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Jimmy Conrad

The Case for Jimmy Conrad


Jimmy Conrad made his return for the United States in Saturday’s 2-2 draw with Haiti. Conrad had been left out of the previous 27 US match squads, a remarkable statistic for such a gifted player with unique leadership skills.

Conrad’s solid organization and play helped to save a result for the United States against a superior Haitian side, Saturday. With three inexperienced international defenders alongside him, Conrad showed a veteran savvy and understanding of the Haitian attack that prevented the opposition from scoring more than two goals.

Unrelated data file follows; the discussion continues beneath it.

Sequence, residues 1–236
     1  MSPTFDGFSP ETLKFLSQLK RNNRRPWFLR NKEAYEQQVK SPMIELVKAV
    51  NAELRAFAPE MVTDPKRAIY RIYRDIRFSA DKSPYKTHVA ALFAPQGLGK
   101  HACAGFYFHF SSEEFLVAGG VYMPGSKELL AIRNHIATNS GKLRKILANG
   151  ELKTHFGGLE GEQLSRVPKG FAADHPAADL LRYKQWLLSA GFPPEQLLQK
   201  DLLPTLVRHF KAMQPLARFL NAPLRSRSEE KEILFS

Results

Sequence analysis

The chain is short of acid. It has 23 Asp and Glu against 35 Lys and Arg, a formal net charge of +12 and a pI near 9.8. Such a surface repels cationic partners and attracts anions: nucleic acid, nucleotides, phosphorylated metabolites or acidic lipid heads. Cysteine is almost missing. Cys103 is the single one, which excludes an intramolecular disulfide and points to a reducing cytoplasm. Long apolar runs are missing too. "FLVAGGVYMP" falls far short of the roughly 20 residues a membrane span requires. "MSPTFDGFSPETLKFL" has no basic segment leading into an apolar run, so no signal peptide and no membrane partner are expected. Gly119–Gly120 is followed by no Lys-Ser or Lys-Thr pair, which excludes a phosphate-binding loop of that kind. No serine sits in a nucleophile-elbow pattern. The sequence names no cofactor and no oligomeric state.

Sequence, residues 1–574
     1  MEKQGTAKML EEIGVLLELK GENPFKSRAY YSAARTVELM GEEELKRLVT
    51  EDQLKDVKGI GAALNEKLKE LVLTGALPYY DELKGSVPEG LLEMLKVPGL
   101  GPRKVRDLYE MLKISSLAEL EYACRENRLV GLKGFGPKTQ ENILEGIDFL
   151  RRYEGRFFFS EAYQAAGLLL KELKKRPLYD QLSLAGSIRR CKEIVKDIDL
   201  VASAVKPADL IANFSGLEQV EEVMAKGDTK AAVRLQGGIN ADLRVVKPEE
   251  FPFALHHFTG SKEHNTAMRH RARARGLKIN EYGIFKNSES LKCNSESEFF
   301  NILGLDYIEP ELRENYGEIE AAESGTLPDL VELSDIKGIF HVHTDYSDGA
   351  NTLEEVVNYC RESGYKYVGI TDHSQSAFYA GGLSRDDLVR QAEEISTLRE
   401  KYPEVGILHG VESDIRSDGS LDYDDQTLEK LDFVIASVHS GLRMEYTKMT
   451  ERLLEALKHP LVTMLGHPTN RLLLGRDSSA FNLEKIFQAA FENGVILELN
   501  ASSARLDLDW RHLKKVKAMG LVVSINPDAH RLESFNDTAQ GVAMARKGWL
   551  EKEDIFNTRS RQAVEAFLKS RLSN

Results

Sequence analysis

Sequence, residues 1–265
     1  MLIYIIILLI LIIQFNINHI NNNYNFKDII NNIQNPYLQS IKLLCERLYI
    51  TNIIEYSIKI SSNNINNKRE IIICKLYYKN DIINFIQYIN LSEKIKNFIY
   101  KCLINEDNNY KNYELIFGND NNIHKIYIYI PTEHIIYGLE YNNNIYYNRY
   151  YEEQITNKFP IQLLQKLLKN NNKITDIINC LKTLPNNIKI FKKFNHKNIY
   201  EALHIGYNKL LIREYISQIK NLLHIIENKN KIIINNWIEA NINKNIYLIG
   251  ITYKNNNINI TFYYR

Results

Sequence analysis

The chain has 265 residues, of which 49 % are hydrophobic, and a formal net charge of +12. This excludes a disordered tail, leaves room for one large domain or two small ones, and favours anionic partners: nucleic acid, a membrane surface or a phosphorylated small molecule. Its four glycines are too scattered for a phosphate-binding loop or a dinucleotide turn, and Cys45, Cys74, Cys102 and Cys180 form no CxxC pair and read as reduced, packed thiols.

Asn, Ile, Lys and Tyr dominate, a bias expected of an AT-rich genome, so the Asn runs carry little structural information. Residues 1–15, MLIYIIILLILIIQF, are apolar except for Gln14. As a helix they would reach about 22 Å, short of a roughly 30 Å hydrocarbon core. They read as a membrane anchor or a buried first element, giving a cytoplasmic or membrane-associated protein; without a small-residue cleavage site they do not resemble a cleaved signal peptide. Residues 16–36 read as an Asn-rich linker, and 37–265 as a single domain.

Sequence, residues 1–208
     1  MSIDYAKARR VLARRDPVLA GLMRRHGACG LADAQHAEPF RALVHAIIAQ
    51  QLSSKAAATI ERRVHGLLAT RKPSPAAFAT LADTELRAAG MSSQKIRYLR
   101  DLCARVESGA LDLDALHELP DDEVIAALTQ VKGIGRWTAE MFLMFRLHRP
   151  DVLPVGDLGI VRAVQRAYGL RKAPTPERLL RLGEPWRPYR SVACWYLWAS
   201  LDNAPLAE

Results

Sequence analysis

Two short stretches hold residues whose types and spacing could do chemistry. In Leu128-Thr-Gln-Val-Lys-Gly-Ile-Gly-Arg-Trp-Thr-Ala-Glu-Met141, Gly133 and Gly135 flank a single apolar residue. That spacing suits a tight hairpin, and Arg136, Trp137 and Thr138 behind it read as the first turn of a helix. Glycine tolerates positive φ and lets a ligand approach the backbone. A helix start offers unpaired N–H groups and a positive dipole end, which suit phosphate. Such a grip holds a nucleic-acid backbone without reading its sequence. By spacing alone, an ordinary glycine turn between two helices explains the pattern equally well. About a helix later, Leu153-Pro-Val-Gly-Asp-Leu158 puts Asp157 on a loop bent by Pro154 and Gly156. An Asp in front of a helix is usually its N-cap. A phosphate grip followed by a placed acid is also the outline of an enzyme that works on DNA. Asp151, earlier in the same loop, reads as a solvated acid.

Conrad is a savvy veteran. I’ve been watching him since his debut with the San Jose Clash (now Quakes) in the late 1990s. I had also read from message boards that he had been fantastic in the A-League (now USL-1) for the San Diego team.

That Clash team wasn’t very good but Conrad always had a positioning sense as a defender that I thought would be valuable on the bigger stage. Yet even after a loan stint in Poland and being part of a championship backline with San Jose, Conrad was never selected for the national team.

His move to Kansas City showed continued steady play but no international call ups until the 2005 Gold Cup. In that tournament, Conrad excelled impressing Bruce Arena so much that despite being capped for the first time at twenty eight, he was going to the World Cup a year later at twenty nine.